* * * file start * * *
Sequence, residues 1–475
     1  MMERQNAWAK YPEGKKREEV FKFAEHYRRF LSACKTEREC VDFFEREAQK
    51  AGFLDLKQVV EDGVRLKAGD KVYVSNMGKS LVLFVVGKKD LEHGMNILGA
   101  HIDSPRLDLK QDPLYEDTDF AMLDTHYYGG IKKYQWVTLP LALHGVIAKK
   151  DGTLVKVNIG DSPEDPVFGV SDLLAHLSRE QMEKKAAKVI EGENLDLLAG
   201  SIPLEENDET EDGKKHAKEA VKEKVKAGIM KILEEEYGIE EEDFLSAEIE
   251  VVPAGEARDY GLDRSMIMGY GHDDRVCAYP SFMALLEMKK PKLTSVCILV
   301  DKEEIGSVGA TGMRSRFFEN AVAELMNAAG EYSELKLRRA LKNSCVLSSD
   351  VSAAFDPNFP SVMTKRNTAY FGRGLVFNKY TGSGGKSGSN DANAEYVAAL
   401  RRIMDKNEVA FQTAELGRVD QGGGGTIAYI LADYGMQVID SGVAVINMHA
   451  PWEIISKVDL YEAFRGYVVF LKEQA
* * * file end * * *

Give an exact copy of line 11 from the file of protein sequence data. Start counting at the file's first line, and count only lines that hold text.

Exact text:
   451  PWEIISKVDL YEAFRGYVVF LKEQA